When you attend an athletic event that involves your son or daughter, cheer to your heart’s content, enjoy the camaraderie that high school sports offer and have fun. But when it comes to verbally criticizing game officials or coaches, cool it.

Make no mistake about it. Your passion is admired, and your support of the hometown team is needed. But so is your self-control. Yelling, screaming and berating the officials humiliates your child, annoys those sitting around you, embarrasses your child’s school and is the primary reason Oregon has an alarming shortage of high school officials.

It’s true. According to a recent survey by the National Association of Sports Officials, more than 75 percent of all high school officials say “adult behavior” is the primary reason they quit. And 80 percent of all young officials hang up their stripes after just two years of whistle blowing.

Why? They don’t need your abuse.

Plus, there’s a ripple effect. There are more officials over 60 than under 30 in many areas. And as older, experienced officials retire, there aren’t enough younger ones to replace them. If there are no officials, there are no games. The shortage of licensed high school officials is severe enough in some areas that athletic events are being postponed or cancelled—especially at the freshman and junior varsity levels.

Research confirms that participation in high school sports and activities instills a sense of pride in school and community, teaches lifelong lessons like the value of teamwork and self-discipline and facilitates the physical and emotional development of those who participate. So, if the games go away because there aren’t enough men and women to officiate them, the loss will be infinitely greater than just an “L” on the scoreboard. It will be putting a dent in your community’s future.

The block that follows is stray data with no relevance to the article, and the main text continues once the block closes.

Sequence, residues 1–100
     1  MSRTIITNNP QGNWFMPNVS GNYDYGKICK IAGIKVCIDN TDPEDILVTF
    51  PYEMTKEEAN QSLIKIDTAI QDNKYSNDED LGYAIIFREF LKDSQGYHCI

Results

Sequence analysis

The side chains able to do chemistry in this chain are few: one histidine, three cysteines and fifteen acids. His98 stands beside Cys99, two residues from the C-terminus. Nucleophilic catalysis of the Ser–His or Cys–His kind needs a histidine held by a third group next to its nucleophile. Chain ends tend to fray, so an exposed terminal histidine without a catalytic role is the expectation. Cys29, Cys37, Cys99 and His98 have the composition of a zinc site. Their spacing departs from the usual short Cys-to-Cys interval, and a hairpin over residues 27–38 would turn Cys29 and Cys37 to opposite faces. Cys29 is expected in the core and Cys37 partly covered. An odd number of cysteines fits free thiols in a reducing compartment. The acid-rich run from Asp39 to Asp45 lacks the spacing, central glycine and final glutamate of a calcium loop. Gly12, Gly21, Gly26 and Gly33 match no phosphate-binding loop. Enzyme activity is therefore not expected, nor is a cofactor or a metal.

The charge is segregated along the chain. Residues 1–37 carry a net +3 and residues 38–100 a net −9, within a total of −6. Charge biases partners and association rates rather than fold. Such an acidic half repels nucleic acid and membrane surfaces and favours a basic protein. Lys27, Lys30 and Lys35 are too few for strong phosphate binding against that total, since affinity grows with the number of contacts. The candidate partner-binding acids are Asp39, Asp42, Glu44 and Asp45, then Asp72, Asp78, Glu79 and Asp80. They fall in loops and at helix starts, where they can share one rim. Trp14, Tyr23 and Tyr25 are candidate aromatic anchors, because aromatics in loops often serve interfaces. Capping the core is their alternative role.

If you would like to be a part of the solution to the shortage of high school officials, you can sign up to become a licensed official at Otherwise, adult role models at high school athletic events here in Oregon are always welcome.

(Editor’s note: Karissa Niehoff is Executive Director of the National Federation of State High School Associations and Peter Weber is Executive Director of the Oregon School Activities Association.)

“Volunteering is the ultimate exercise in democracy. You vote in elections once a year, but when you volunteer, you vote every day about the kind of community you want to live in.” — Unattributed

3. The Human Side of Raising Children 

If you are a parent or grandparent, you know there are plenty of rules for raising kids. Today, let’s consider why ignoring these rules can sometimes be a good idea.

Some years ago, in his book, How to Parent, Dr. Fitzhugh Dodson said that, “Raising a child is a human relationship, and human relationships cannot be reduced to a set of rules.” There is an inherent truth in that statement.